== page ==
England wrapped up their T20 series against South Africa in style today by claiming a third consecutive victory against the Proteas.

Eoin Morgan’s men have been in fine form since arriving at the start of the tour, which makes it all the more gutting we can’t be there with them.

With that in mind, we decided it was our responsibility to give you a taster, or perhaps a reminder for the special ones among you, of what touring South Africa is like – with the help of Barmy Army co-founder Paul Burnham and managing director Chris Millard.

In our 20-plus years travelling to South Africa, there have been many memorable moments on the field, in the stands, and in the bars.

For Burnham, it’s hard for anything to top the Barmy Army’s game against Soweto Cricket Club on the 1995/96 tour, when a young Darren Stevens proved the star for the tourists.


He explains: “We had such good fun with the guys there from Soweto cricket club. They batted and got a lot of runs and we just kept sending batsman after batsman in.

“One of the big memories from that was that an 18-year-old Darren Stevens played for the Barmy Army, who’s become a bit of a county legend. He was a bit of a superstar in that game, he was about the only one that got any runs.

“The coach driver said we had to leave straight after the game but we told him weren’t going anywhere as we were staying to have a few drinks so he left.

“A few guys got taxis but most people stayed with the Soweto cricket club boys in the township. We stayed overnight and went and had a few drinks in the shebeen. We’ve got pictures of us all waking up heavy headed and having a great time. It sort of dispelled that myth that white people can’t go into a black township in Soweto. We had a great time and we were looked after amazingly.”

Last winter, 25 years on from that game, the Barmy Army played Soweto Cricket Club once again with many of the same faces taking part.

“We have very, very fond memories of an amazing experience,” says Burnham. “That was great and it was amazing to go back 25 years later and play with some of the guys that were there before. This time there was a coach that knew we were going to stay on. But you must never forget the after-game stuff, it’s just as important as the game itself.”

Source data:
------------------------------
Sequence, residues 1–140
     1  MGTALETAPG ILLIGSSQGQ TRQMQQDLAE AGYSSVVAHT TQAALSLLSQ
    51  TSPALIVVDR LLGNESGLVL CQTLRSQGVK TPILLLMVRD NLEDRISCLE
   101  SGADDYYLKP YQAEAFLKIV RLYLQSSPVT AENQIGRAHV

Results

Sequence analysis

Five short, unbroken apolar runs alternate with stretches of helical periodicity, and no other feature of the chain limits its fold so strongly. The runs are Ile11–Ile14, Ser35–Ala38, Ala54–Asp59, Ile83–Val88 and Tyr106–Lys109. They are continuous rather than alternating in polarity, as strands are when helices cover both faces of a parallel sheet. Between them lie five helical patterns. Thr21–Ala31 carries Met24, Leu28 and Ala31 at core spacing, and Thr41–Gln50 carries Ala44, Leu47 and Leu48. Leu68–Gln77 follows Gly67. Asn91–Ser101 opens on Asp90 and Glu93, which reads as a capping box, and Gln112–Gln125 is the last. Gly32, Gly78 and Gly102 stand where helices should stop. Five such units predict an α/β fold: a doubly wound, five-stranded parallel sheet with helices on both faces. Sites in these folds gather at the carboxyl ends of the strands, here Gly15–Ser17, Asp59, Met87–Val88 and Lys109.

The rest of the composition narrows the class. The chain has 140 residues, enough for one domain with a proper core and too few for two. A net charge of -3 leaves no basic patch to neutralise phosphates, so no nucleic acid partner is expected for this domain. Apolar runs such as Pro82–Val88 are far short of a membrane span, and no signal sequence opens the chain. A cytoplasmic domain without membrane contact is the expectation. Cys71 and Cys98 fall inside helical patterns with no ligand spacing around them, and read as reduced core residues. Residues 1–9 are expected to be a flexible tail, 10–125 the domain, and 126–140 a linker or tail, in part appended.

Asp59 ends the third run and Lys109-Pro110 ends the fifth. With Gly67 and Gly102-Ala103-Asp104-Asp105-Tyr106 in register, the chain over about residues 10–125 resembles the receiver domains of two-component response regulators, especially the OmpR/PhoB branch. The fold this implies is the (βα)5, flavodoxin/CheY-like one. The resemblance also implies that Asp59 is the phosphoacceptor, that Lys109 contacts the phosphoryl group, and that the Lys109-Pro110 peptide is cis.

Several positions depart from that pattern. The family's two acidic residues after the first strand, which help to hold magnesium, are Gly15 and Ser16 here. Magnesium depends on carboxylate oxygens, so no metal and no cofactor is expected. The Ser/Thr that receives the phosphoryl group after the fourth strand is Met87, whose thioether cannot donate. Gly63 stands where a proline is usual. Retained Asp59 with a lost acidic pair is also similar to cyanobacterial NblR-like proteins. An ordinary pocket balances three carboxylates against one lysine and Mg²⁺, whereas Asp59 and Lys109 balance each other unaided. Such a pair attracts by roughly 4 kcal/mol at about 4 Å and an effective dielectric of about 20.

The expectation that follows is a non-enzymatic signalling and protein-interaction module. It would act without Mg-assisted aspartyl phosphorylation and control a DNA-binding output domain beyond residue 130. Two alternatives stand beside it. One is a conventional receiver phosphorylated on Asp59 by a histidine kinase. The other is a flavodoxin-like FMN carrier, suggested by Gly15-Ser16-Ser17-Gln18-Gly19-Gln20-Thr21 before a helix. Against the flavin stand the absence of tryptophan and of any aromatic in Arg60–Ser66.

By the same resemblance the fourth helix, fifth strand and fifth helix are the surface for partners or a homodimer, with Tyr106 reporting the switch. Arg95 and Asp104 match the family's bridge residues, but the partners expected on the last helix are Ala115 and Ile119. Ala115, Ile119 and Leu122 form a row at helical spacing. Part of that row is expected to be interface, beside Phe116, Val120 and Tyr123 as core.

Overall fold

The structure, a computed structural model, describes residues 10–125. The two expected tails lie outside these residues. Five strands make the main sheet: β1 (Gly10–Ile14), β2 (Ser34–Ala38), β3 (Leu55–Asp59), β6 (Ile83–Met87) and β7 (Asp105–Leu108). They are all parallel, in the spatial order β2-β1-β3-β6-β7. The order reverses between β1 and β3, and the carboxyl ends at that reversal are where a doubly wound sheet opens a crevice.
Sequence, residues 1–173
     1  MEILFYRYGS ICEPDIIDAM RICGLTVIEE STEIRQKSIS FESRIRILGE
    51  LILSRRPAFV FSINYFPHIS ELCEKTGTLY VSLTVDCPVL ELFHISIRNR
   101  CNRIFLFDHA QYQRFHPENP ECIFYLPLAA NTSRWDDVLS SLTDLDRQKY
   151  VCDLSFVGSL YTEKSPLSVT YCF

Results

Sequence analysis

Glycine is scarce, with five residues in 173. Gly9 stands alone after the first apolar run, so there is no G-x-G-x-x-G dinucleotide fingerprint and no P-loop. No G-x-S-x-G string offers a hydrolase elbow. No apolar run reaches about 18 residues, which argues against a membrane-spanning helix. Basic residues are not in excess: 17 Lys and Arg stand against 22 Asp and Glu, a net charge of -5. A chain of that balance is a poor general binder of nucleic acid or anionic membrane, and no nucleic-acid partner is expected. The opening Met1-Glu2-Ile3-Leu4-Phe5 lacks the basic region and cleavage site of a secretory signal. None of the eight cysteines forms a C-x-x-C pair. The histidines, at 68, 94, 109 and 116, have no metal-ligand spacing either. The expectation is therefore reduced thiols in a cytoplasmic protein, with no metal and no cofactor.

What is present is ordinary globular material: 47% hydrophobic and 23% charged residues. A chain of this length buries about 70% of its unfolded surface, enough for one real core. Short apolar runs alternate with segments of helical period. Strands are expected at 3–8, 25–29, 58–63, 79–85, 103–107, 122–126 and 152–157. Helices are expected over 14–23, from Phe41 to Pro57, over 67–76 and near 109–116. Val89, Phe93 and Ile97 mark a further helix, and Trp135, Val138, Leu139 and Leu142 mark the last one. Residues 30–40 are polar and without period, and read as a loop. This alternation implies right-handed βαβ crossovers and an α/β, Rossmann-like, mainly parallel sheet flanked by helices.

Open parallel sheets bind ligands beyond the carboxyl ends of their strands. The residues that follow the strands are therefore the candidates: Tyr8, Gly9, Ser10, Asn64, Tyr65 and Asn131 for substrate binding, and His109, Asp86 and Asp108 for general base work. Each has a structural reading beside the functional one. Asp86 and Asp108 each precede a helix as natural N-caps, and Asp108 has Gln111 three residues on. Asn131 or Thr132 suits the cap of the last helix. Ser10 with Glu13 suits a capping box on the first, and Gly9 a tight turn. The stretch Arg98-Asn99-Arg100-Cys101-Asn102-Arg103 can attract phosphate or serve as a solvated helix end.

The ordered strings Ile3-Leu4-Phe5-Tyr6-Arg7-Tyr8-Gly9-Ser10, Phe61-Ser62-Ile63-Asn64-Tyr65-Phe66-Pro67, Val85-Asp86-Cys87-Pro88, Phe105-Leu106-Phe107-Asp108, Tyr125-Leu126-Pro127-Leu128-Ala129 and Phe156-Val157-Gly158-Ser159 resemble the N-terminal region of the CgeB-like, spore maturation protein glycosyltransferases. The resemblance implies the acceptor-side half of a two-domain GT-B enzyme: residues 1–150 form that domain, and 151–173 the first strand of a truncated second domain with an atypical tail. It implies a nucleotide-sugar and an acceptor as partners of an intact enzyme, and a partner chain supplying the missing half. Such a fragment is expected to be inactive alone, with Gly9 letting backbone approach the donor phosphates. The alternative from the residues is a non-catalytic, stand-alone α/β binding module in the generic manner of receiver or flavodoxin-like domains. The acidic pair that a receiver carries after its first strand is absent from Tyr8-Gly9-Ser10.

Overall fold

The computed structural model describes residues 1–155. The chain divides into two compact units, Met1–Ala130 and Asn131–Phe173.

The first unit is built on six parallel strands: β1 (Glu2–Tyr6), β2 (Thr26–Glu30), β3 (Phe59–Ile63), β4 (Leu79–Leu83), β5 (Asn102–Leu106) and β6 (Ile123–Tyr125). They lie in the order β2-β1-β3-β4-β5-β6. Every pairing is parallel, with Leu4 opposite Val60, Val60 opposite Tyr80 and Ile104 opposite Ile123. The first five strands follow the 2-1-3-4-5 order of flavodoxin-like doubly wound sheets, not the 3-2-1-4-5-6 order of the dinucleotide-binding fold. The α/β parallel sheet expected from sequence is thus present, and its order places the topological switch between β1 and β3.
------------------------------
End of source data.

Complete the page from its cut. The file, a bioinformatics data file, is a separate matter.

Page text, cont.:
As far as England’s performances in South Africa are concerned, Mike Atherton’s 185 to save the game at Johannesburg in 1995 and Graham Onions’ stoic effort in search of the same result in 2010 are Burnham’s standout moments, while for Millard one moment eclipses all.

“I don’t think I’ve ever been in a sports stadium in the world, football, rugby, cricket, horse racing, anything that has matched day five in Cape Town on the most recent tour,” he says.

With England chasing the game, the Barmy Army’s support was a constant throughout the evening session and helped Joe Root’s side clinch victory.

“The atmosphere was special. Everyone that was there – be it a supporter, an official, or a player – had the same experience and that is unique.

“There was debate before the Test match about whether Test matches should be four days and I think that’s one day that single-handedly blew that debate out of the water.

“On day five were stood there at half-five still waiting for that last wicket. The atmosphere and the players responding to the Barmy Army, it really was the ultimate 12th man experience. Feeling you are almost part of the team. The players celebrate every time something good happens to the Barmy Army. It was just so incredible to be a part of. It felt like such a movement of support to get behind the team, to get them over the line, and they appreciated it as well.”

Millard added: “It was absolutely deafening and it was unbelievable to be a part of. A moment that I find hard to top for a single moment of atmosphere, obviously winning the World Cup and the Ben Stokes day at Headingley are up there, but for the sheer atmosphere and support, that experience in South Africa would be hard to beat.”

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